A comparison of the nursing costs associated with the implementation of the mandated nurse-to-patient ratios in California
Shelly C. Wells, PhD, MBA, APRN-CNS, ANEF
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Nurse executives are challenged to provide adequate nurse staffing to prevent adverse patient outcomes, promote patient satisfaction and enhance nurses' job satisfaction. Historically, nurse staffing strategies have involved the use of patient classification systems, the use of time studies to predict staffing numbers and the best guesses of the nurse administrators. Collective bargaining units moved to include staffing ceilings or nurse-to-patient ratios to address staffing needs in hospitals. In 1999, the state of California signed AB394 into law requiring the implementation of mandated minimum nurse-to-patient ratios. The California Department of Health Services estimated that the mandated nurse-to-patient ratios would cost California hospitals $956 million annually after implementation given adequate recruiting sources (CHA, 2004). While this estimate was made prior to the known fiscal impact of the ratios, no study has been published addressing the actual costs differences to the hospitals of the mandated nurse-to-patient ratios that were implemented in 2004. As other states consider introducing legislation to implement the staffing ratios as California has done, the impact of these costs should be revealed. The aim of this study was to examine the impact on nursing costs expressed as a percentage of hospital operating costs from before the staffing ratios in California were implemented (2002) and after the staffing ratios were implemented (2006). Two hundred eighty-two hospitals were included in this study. Financial and productivity data were obtained from the Office of Statewide Health Planning and Development in California. Examination of the percentage of total hospital operating costs attributed to nursing costs shed light on the fiscal impact of the mandated nurse-to-patient ratios in California. Results demonstrated that there was significant difference in the percentage of total hospital operating costs attributed to Registered Nurse costs and to overall nursing costs. There was no significant difference in the percentage of total hospital operating costs attributed to the costs for the licensed vocational nurse. In addition, there were no significant differences noted in the level of unit support staff (aides/orderlies, technicians, clerical) after the implementation of the ratios.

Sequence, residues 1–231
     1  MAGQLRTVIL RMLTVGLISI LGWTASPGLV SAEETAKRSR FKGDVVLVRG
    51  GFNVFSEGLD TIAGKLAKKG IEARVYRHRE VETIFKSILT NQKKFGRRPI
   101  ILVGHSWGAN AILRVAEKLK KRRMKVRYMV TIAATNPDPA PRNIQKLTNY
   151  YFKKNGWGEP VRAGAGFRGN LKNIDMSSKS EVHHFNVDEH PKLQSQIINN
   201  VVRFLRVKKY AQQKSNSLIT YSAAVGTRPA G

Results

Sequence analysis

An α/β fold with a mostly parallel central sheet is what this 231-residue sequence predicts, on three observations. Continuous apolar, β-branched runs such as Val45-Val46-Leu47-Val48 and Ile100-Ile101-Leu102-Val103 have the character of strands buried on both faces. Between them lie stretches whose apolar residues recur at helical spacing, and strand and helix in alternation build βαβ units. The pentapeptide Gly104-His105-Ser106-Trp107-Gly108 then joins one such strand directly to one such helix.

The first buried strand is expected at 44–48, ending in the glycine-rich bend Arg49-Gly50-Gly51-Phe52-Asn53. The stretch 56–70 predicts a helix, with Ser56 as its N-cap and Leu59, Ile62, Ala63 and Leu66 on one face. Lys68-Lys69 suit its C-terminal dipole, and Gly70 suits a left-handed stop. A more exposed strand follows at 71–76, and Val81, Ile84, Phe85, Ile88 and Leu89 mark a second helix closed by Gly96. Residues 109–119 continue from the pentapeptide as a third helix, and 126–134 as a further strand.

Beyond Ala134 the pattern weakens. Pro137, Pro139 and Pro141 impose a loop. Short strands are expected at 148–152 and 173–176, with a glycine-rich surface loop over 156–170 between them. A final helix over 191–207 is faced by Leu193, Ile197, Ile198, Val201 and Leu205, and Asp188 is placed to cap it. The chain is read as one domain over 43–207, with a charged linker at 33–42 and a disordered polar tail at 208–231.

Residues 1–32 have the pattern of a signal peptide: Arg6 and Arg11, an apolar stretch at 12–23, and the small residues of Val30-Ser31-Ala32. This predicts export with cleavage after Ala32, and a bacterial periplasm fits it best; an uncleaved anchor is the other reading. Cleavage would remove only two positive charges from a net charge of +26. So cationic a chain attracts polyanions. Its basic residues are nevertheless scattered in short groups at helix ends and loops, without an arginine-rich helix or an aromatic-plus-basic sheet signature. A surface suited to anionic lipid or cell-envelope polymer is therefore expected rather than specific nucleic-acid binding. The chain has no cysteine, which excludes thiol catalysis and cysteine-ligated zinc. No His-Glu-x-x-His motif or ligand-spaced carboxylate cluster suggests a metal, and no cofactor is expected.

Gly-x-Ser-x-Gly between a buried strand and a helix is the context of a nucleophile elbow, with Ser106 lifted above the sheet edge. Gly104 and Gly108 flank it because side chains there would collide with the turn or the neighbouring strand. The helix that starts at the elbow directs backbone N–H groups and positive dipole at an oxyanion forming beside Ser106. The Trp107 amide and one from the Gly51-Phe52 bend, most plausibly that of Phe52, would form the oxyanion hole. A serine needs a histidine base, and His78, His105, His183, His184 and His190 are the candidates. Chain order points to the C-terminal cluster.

This dissertation has also been disseminated through the ProQuest Dissertations and Theses database. Dissertation/thesis number: 3394768; ProQuest document ID: 304942940. The author still retains copyright.
This item has not gone through this repository's peer-review process, but has been accepted by the indicated university or college in partial fulfillment of the requirements for the specified degree.
|Review Type||None: Degree-based Submission|
|Research Approach||Quantitative Research|
|CINAHL Subject(s)||Health Care Costs--Economics--California;
Nursing Staff, Hospital;
Health Care Costs--Economics;
Personnel Staffing and Scheduling;
Health Care Costs;
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